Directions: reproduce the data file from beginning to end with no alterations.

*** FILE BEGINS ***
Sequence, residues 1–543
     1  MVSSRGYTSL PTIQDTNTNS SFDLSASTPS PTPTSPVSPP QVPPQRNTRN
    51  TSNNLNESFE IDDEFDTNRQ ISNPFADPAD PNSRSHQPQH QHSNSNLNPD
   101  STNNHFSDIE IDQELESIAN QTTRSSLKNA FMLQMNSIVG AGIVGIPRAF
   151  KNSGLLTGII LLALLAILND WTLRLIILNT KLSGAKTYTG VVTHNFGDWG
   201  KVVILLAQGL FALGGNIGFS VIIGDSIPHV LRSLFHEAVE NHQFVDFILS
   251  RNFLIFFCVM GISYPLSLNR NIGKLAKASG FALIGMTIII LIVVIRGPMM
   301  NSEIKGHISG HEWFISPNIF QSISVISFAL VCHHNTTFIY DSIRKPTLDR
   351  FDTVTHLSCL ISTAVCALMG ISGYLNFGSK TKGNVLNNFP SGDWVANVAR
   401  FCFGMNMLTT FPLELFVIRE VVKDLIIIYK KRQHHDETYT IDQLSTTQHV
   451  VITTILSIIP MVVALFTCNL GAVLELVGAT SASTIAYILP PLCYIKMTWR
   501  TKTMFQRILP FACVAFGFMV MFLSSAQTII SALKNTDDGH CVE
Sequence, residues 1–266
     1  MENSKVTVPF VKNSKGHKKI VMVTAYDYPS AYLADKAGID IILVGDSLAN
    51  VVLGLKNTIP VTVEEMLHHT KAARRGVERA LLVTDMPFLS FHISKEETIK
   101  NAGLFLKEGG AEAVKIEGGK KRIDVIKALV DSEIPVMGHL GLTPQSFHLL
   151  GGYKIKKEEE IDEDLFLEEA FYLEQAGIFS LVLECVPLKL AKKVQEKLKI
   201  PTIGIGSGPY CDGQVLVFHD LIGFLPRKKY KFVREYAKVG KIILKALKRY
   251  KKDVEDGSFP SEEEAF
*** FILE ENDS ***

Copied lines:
Sequence, residues 1–543
     1  MVSSRGYTSL PTIQDTNTNS SFDLSASTPS PTPTSPVSPP QVPPQRNTRN
    51  TSNNLNESFE IDDEFDTNRQ ISNPFADPAD PNSRSHQPQH QHSNSNLNPD
   101  STNNHFSDIE IDQELESIAN QTTRSSLKNA FMLQMNSIVG AGIVGIPRAF
   151  KNSGLLTGII LLALLAILND WTLRLIILNT KLSGAKTYTG VVTHNFGDWG
   201  KVVILLAQGL FALGGNIGFS VIIGDSIPHV LRSLFHEAVE NHQFVDFILS
   251  RNFLIFFCVM GISYPLSLNR NIGKLAKASG FALIGMTIII LIVVIRGPMM
   301  NSEIKGHISG HEWFISPNIF QSISVISFAL VCHHNTTFIY DSIRKPTLDR
   351  FDTVTHLSCL ISTAVCALMG ISGYLNFGSK TKGNVLNNFP SGDWVANVAR
   401  FCFGMNMLTT FPLELFVIRE VVKDLIIIYK KRQHHDETYT IDQLSTTQHV
   451  VITTILSIIP MVVALFTCNL GAVLELVGAT SASTIAYILP PLCYIKMTWR
   501  TKTMFQRILP FACVAFGFMV MFLSSAQTII SALKNTDDGH CVE
Sequence, residues 1–266
     1  MENSKVTVPF VKNSKGHKKI VMVTAYDYPS AYLADKAGID IILVGDSLAN
    51  VVLGLKNTIP VTVEEMLHHT KAARRGVERA LLVTDMPFLS FHISKEETIK
   101  NAGLFLKEGG AEAVKIEGGK KRIDVIKALV DSEIPVMGHL GLTPQSFHLL
   151  GGYKIKKEEE IDEDLFLEEA FYLEQAGIFS LVLECVPLKL AKKVQEKLKI
   201  PTIGIGSGPY CDGQVLVFHD LIGFLPRKKY KFVREYAKVG KIILKALKRY
   251  KKDVEDGSFP SEEEAF